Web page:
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Number of Speakers: 20,000

Key Dialects: Elati, Kituhwa, Otali, Overhill-Middle Cherokee

Geographical Center: Oklahoma and North Carolina, USA

Cherokee is spoken today by about 20,000 speakers, though only 130 are monolingual speakers.

Cherokee is a member of the Iroquoian language family, which also includes Seneca, Tuscorora, Onondega, Wyandot-Huron, and Mohawk.

The major dialect differences in Cherokee fall along the geographical divide. There are two dialects spoken in North Carolina and one in Oklahoma. The Oklahoma dialect is thought to be a mixture of different dialects which formed when different tribes were relocated to the same reservation. The North Carolina dialects tend to show less change, due to the isolation of the speakers in a mountainous region. All dialects are mutually intelligible. Differences among the Oklahoma speakers tend to be limited to phonological features.

In 1821 the Cherokee tribal council approved for use a Cherokee syllabary created by a Cherokee named Sequoyah. Sequoyah was apparently an illiterate monolingual Cherokee speaker who knew only a few words of spoken English, but who realized the power the written word gave to the English-speaking community. Using some printed alphabets given to him by missionaries, which were supposedly English, Greek, and Hebrew, he created a Cherokee syllabary with eighty-six letters. One letter was soon thrown out in the process of creating a version for the printing press, which left the eighty-five-letter syllabary in use today.

The number of consonants in Cherokee is debated, but is probably around seventeen. The nasal /m/ is the only labial consonant, although the stops /k/ and /g/ can occur labialized. Vowels can occur long or short, and in all there are twelve vowel phonemes. All final vowels are nasalized. Cherokee syllables have phonemic tone – there is an even tone and a rising/falling tone.

Cherokee nouns are divided into animate and inanimate classes. This is only apparent through the plural marker, though an adjective qualifying an inanimate noun may have an animate plural marker. Many nouns are verbal in form, such as the word for ‘horse’ so-qui-li which is literally something like ‘he carries heavy things’.

Cherokee distinguishes only two free pronominal forms, 1st person singular and 2nd person singular, though these may be omitted. Otherwise, pronominal forms are bound to the verb. Cherokee has two sets of ten such forms, the set used depending on the verb. The ten forms include 1st, 2nd, and 3rd person singular, 1st person dual (including 2nd person), 2nd person dual, and 1st person dual (including 3rd person), 1st person plural (including 3rd person), 2nd person plural, 3rd person plural, and 1st person plural (including both 2nd person and 3rd person).

Verbs can be divided into those that require classifiers and those that do not. Those that do include a small set of verbs that deal with handling objects – such as picking things up, pushing things, etc. The classifier categories separate objects into groups of flexible objects, long objects, nondescript objects, liquids, and animate objects.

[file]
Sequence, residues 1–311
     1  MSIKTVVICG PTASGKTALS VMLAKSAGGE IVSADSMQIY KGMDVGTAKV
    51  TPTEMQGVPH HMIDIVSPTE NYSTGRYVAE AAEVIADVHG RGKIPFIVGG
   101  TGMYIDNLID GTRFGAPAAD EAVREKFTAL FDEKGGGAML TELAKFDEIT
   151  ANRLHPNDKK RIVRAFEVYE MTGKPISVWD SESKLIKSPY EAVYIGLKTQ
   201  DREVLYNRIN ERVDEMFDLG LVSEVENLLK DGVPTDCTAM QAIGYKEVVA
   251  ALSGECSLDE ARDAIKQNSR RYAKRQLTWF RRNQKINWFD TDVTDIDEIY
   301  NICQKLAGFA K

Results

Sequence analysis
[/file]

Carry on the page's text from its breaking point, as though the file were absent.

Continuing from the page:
The word order can be SOV or SVO.

Through pressure to assimilate with American culture and the decline in numbers of the Cherokee population, knowledge and use of the Cherokee language has sharply decreased in the last century and a half. Recently more interest has been shown by Cherokees toward their heritage and classes have been set up at many reservations to teach Cherokee to tribe members.

It is believed that the Cherokees migrated to the southeast from the Great Lakes region about three thousand years ago, so similarity between Cherokee and the other Iroquoian languages is limited. The Cherokees settled in the area of Georgia, the Carolinas, and Tennessee. As early as the late 1700s some Cherokees began to migrate out West, due to pressure from white settlers. In 1817 some Cherokees accepted a monetary fee to voluntarily migrate west, but enough remained that in 1838 Andrew Jackson ordered the forcible removal of all remaining Cherokees to the Oklahoma territory. A small number of Cherokees were able to escape into the heavily forested mountains of North Carolina, and in 1845 were given the right to remain. By the time of the removal it is estimated that 70-80% of Cherokees were literate in the Cherokee script. In 1828 a weekly newspaper, the Cherokee Phoenix, written in Cherokee, was established, but this did not last beyond the relocation.

Campbell, G.L. 1991. Compendium of the World’s Languages. London and New York: Routledge.

Grimes, B. F., ed. 1992. Ethnologue: Languages of the World. Dallas, Texas: Summer Institute of Linguistics.

Feeling, Durbin. 1975. Cherokee-English Dictionary. Tahlequah, Oklahoma: Heritage Printing.

Foley, Lawrence. 1980. Phonological Variation in Western Cherokee. New York and London: Garland Publishing, Inc.

Holmes, Ruth Bradley and Betty Sharp Smith. 1989. Beginning Cherokee. Norman, Oklahoma: University of Oklahoma Press.

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